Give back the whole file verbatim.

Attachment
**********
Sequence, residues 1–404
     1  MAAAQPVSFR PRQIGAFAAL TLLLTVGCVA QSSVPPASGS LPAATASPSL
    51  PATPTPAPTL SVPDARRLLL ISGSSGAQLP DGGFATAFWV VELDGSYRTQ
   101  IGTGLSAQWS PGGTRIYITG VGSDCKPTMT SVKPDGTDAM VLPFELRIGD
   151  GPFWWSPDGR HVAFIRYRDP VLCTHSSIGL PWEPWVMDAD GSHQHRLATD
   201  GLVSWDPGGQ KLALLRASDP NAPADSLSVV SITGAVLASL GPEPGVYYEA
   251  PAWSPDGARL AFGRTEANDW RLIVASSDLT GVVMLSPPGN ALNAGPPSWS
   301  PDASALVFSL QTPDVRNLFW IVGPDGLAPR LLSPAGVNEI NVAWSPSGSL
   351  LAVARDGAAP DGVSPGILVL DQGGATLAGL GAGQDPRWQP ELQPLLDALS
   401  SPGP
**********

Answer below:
Sequence, residues 1–404
     1  MAAAQPVSFR PRQIGAFAAL TLLLTVGCVA QSSVPPASGS LPAATASPSL
    51  PATPTPAPTL SVPDARRLLL ISGSSGAQLP DGGFATAFWV VELDGSYRTQ
   101  IGTGLSAQWS PGGTRIYITG VGSDCKPTMT SVKPDGTDAM VLPFELRIGD
   151  GPFWWSPDGR HVAFIRYRDP VLCTHSSIGL PWEPWVMDAD GSHQHRLATD
   201  GLVSWDPGGQ KLALLRASDP NAPADSLSVV SITGAVLASL GPEPGVYYEA
   251  PAWSPDGARL AFGRTEANDW RLIVASSDLT GVVMLSPPGN ALNAGPPSWS
   301  PDASALVFSL QTPDVRNLFW IVGPDGLAPR LLSPAGVNEI NVAWSPSGSL
   351  LAVARDGAAP DGVSPGILVL DQGGATLAGL GAGQDPRWQP ELQPLLDALS
   401  SPGP